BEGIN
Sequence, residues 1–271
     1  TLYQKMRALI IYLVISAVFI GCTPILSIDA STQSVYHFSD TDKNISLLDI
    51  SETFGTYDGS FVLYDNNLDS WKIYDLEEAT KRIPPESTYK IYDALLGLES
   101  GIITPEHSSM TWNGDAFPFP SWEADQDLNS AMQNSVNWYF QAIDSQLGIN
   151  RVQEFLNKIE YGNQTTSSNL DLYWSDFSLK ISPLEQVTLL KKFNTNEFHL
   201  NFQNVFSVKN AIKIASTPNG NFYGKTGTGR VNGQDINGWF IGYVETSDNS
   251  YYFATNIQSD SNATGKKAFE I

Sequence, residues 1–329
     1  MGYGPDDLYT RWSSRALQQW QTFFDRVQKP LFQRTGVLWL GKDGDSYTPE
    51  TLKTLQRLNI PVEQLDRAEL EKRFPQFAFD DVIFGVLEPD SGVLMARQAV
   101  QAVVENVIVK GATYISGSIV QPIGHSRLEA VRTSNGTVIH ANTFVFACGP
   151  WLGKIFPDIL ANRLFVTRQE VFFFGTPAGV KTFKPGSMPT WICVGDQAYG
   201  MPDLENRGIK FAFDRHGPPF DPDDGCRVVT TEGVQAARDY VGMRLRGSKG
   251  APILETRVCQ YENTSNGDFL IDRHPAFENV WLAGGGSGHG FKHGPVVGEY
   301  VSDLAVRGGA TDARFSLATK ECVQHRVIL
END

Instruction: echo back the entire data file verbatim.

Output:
Sequence, residues 1–271
     1  TLYQKMRALI IYLVISAVFI GCTPILSIDA STQSVYHFSD TDKNISLLDI
    51  SETFGTYDGS FVLYDNNLDS WKIYDLEEAT KRIPPESTYK IYDALLGLES
   101  GIITPEHSSM TWNGDAFPFP SWEADQDLNS AMQNSVNWYF QAIDSQLGIN
   151  RVQEFLNKIE YGNQTTSSNL DLYWSDFSLK ISPLEQVTLL KKFNTNEFHL
   201  NFQNVFSVKN AIKIASTPNG NFYGKTGTGR VNGQDINGWF IGYVETSDNS
   251  YYFATNIQSD SNATGKKAFE I

Sequence, residues 1–329
     1  MGYGPDDLYT RWSSRALQQW QTFFDRVQKP LFQRTGVLWL GKDGDSYTPE
    51  TLKTLQRLNI PVEQLDRAEL EKRFPQFAFD DVIFGVLEPD SGVLMARQAV
   101  QAVVENVIVK GATYISGSIV QPIGHSRLEA VRTSNGTVIH ANTFVFACGP
   151  WLGKIFPDIL ANRLFVTRQE VFFFGTPAGV KTFKPGSMPT WICVGDQAYG
   201  MPDLENRGIK FAFDRHGPPF DPDDGCRVVT TEGVQAARDY VGMRLRGSKG
   251  APILETRVCQ YENTSNGDFL IDRHPAFENV WLAGGGSGHG FKHGPVVGEY
   301  VSDLAVRGGA TDARFSLATK ECVQHRVIL